An Ugly New Era of ‘States’ Rights’

Giving extreme new powers to autocratic, gerrymandered, and unaccountable state governments is not democracy.
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The Supreme Court has overturned Roe v. Wade — and with it, half a century of constitutional precedent.

At least 26 states are now likely to criminalize abortions, often without exceptions for rape, incest, or life-threatening pregnancies. In Louisiana, people seeking abortions could even face execution, which doesn’t strike me as particularly pro-life.

A few states are already rushing to attack contraception too, with officials in Idaho and Louisiana pushing to ban IUDs, the morning after pill, and other common birth control methods. Hardline lawmakers are also likely to ban methods of conception, including in-vitro fertilization, or IVF.

Down the line, experts warn that the rights to interracial marriage, same-sex marriage, and even divorce, parental custody, and the right to accept or refuse medical treatment could be in jeopardy. People’s control over their own intimate decisions and private lives is at stake.

But among the most alarming things in the ruling is its sneering pretense that this is somehow about safeguarding democracy. “It is time to heed the Constitution and return the issue of abortion to the people’s elected representatives,” wrote Justice Samuel Alito.

That’s the same “states’ rights” deceit once used to defend segregation. The truth is that in many states, so-called “elected representatives” pick their voters — not vice versa. And that’s leading to a new wave of extremism in statehouses.

Supreme Court Justice Louis Brandeis once called states “laboratories of democracy.” These days, as former Hamilton County, Ohio commissioner David Pepper put it in his book of the same name, many have become “laboratories of autocracy.”

Pepper and I share a home state that’s a case in point. In Ohio, a Trump-appointed federal judge just allowed Ohio Republicans to force illegally gerrymandered maps on voters, who twice voted overwhelmingly for fairer districts. The state Supreme Court ruled four times that the maps illegally diluted Ohioans’ voting power, but we’re stuck with them anyway.

Most Ohioans are pro-choice, but thanks to maps like these we now have one of the strictest abortion bans in the country. That’s why “returning power over basic civil rights to illegally gerrymandered states like Ohio is an absolute disaster in waiting,” concludes David DeWitt in the Ohio Capital Journal.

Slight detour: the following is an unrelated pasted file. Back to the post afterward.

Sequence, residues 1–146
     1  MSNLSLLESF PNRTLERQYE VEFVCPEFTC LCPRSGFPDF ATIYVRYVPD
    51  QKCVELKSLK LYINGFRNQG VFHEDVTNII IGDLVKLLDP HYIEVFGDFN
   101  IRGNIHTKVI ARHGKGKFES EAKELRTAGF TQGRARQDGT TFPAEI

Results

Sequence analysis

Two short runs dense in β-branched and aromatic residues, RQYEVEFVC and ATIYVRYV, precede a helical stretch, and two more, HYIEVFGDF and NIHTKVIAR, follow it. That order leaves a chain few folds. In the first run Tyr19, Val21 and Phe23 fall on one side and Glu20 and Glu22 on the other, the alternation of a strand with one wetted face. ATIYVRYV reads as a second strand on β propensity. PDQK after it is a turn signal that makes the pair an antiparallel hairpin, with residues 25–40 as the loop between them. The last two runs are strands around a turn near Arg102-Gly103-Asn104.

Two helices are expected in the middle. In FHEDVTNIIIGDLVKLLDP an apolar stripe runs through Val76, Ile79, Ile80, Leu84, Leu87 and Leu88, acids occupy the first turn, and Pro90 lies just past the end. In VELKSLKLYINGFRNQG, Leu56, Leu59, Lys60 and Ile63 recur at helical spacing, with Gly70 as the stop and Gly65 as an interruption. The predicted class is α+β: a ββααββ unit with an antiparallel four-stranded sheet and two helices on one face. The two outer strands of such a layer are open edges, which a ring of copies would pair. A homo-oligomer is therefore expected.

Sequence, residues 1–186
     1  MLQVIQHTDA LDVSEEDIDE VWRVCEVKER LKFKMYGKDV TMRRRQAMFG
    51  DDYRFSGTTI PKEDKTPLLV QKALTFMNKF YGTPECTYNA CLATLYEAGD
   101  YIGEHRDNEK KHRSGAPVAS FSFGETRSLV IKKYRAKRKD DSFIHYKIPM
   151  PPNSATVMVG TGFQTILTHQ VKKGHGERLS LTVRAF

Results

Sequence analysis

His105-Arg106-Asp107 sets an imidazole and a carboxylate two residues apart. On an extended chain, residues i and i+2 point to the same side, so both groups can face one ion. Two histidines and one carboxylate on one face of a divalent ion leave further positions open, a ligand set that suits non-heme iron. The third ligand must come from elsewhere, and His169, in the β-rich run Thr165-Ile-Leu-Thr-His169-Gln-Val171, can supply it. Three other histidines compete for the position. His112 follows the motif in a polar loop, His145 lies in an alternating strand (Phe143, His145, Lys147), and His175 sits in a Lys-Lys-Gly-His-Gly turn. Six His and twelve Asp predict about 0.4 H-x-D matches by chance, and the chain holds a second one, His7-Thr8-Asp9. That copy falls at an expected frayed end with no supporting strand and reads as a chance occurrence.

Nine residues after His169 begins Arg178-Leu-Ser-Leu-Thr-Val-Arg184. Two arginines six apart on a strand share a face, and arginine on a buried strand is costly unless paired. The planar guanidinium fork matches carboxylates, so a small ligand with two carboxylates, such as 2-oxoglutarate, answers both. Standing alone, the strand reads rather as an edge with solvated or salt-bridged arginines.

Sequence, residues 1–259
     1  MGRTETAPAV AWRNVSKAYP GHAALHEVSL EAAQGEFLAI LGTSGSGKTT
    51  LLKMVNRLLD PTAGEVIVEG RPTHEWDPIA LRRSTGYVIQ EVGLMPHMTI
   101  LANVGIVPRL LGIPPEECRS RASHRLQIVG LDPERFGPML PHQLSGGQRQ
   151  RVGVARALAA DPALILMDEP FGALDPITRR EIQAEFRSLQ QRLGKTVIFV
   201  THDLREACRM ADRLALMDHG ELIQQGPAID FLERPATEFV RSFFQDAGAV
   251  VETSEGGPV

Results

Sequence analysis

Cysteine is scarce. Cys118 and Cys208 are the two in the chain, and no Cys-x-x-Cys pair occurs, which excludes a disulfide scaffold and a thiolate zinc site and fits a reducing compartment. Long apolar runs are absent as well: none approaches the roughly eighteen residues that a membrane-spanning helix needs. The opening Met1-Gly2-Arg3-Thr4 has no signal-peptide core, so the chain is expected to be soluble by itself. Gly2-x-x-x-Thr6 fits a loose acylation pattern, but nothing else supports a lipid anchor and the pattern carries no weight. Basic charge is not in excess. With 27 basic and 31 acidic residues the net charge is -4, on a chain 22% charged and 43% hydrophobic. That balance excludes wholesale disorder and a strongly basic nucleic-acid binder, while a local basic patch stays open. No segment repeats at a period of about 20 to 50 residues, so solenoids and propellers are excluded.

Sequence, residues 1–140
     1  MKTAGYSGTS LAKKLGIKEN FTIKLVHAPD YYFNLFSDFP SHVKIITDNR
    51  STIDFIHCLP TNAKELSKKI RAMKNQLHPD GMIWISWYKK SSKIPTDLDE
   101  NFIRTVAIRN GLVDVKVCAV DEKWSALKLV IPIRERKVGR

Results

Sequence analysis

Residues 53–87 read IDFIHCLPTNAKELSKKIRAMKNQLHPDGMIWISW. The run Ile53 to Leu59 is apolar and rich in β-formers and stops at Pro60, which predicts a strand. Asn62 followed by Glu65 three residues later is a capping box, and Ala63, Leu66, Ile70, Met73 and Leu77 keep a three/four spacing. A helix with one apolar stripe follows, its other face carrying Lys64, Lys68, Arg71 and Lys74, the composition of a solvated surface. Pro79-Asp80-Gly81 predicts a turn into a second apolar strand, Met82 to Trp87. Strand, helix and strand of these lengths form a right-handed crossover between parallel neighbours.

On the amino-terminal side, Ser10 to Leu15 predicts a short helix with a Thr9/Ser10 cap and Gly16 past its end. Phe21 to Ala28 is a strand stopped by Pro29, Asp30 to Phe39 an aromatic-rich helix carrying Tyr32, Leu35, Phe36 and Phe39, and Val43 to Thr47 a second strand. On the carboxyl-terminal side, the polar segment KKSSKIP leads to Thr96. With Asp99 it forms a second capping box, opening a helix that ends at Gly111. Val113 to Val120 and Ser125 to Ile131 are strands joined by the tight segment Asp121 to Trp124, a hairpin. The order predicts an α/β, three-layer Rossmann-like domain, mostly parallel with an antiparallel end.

It gets even more absurd elsewhere.

In states like Wisconsin, Michigan, and North Carolina, Democratic lawmakers have repeatedly gotten more votes than their Republican counterparts. But rigged maps keep giving Republicans sizable majorities — which they’ve then used in all three states to strip power from Democratic governors elected statewide.

Across the country, methods like these are used to ram through extreme legislation that ignores the will of voters. For example, recent polling suggests at least 34 states plus D.C. have pro-choice majorities or pluralities. Many are banning abortion anyway.

It’s not just abortion. Again and again, unaccountable state governments are showing themselves incapable of decent governance.

Florida is ripping up K-12 math books — yes, math books — that allegedly teach “critical race theory.” Unhinged Tennessee lawmakers are calling for literal book burnings. And one-party states nationwide are making it harder to vote.

Frankly, things aren’t much better at the federal level — and Alito should know.

Five of the six conservative seats on the Supreme Court, including Alito’s, were appointed by Republican presidents who initially lost the popular vote — and confirmed by Republican Senate “majorities” representing a minority of Americans.

The same Supreme Court has repeatedly upheld extreme gerrymandering and voter suppression while lifting bans on money in politics. This court, in short, has made it much harder for people to choose their own representatives.

The loser here isn’t the big-D Democratic Party. It’s small-d democracy. When politicians can do whatever they want to us, everyone loses.

Decades ago, it took a national civil rights movement and federal legislation to reclaim common sense and decency from extremist state governments. Today, it’s also going to take reforming the Supreme Court.

This commentary was originally published at

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Peter Certo

Peter Certo is the editorial manager of the Institute for Policy Studies and editor of

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